Service Animals, Emotional Support, and Guide Dogs5151226

De GEATI - Grupo de Estudos Avançados em TI
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Sadly, some people are asking whether "service animal" laws are being abused by those who want to scam the system.

There have been news stories, articles, opinion pieces and other editorials where people rant and complain about people they feel to be abusing the device. You hear some complain they had to sit near your pet dog at a restaurant they don't believe is really a "real" service dog, varieties complain that the neighbors possess a pet inside a "no pet" building simply because they claimed your pet is emotional support animal.

Some of the commentary comes with an indignant tone, and some people are downright angry.

How does this affect people who legitimately own and make use of a service animal to raised their lives? In many ways.

For one, it may it more difficult to navigate bureaucracy of the world when your claim of the disability and your service or emotional support animal's status is questioned. If your landlord or company owner has heard negative stories claiming that some individuals are abusing the machine, it can cause these to look suspiciously in any way claimants.

Some landlord and business owners have begun asking for proof of status, although asking for written or other evidence is not always legal, and although many those who own legitimate service animals and emotional support animals have not taken advantage of registering them, and so have no such documentation to create.

It is the suspicious attitude and illegal demands of some landlords and business owners that make registrations services just like the Service Animal Registry of California so important legitimate owners.

Although registration is optional, it can help shortcut the housing rental and business access issues once the owner can produce a simple document that will often satisfy the owner or landlord. Also, when using public spaces, it's easier to give a document having a simple sentence stating, "This is really a service animal" and letting another party browse the information, as opposed to having a long-winded protracted conversation (or worse yet, argument) in public places, with onlookers listening in and gathering across the discussion.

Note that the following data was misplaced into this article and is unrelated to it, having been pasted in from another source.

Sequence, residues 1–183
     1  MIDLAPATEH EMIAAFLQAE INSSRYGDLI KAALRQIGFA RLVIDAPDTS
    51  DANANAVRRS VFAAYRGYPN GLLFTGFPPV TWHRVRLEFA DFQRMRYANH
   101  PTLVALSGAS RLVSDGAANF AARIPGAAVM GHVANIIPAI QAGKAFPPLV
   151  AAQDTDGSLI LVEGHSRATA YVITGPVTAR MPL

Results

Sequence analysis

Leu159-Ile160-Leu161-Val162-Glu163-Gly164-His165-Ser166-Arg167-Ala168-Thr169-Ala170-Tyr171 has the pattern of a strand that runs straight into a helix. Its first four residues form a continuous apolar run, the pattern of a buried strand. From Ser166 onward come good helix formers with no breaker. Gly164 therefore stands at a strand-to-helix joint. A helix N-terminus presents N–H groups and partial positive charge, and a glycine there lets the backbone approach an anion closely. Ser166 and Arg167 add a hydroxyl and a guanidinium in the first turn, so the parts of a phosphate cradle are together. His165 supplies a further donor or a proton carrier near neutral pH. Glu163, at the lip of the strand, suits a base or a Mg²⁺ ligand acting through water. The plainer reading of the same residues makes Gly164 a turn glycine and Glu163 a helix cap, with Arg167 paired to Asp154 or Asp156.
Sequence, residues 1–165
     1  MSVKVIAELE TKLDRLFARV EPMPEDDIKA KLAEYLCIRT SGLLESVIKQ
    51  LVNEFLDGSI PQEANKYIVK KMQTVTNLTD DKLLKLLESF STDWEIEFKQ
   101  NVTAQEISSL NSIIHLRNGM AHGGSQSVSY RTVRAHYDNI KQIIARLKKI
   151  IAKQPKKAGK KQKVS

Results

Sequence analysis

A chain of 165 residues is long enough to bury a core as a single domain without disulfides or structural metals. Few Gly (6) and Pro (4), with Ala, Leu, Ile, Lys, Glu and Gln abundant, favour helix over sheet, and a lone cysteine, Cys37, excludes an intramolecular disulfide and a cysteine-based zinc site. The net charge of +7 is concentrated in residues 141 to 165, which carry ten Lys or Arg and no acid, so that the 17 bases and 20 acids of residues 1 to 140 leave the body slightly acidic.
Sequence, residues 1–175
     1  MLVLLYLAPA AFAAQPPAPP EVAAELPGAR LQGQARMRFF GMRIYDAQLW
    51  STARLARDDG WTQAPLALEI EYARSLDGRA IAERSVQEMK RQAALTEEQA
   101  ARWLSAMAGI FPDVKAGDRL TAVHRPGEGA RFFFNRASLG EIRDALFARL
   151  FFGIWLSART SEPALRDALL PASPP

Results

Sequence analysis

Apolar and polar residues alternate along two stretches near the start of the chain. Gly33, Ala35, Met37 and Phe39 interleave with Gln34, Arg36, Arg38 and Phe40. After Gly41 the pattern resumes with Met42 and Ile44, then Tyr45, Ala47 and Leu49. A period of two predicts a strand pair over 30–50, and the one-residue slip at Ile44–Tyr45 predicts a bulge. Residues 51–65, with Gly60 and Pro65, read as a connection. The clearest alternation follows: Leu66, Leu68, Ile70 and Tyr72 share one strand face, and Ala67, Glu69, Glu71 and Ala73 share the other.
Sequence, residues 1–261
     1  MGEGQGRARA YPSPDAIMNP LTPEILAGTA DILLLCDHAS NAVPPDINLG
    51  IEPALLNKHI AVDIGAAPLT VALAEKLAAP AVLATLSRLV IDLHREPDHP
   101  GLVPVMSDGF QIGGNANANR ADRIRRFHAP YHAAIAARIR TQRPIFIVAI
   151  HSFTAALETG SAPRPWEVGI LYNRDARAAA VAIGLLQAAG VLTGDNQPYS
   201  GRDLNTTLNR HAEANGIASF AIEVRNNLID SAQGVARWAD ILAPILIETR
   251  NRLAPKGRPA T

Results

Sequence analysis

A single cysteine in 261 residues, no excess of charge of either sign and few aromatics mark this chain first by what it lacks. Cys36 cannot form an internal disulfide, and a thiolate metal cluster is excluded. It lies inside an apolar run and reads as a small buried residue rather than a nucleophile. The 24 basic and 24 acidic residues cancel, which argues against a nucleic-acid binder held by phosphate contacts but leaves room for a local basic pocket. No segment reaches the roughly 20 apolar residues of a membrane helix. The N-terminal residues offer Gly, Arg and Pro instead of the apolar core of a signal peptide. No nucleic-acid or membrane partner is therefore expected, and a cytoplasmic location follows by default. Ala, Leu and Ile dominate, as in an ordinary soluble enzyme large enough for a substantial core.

So, do some people scam the machine, or game the law? Sadly, the answer then is "probably yes." In your life, there is always room for abuse and individuals can try to take advantage of many systems that we as a society put in place to protect the rights of people who need such protection. For example, many drivers falsely display disabled parking placards to benefit from free and convenient parking. As well as the number of people who lie on their own tax returns, claim improper tax deductions, abuse retail store return policies, or do other bad acts.

But that percentage of abuse, which in the area of service animal laws is hopefully small, is arguably a very small investment when compared to the higher objective of promoting access and equality for those.

In the end, you can not control any system to make it 100% abuse proof. So tolerating the few individuals who scam service animal laws may be the price we gladly pay to ensure the disabled inside the great state of California have equal access under law.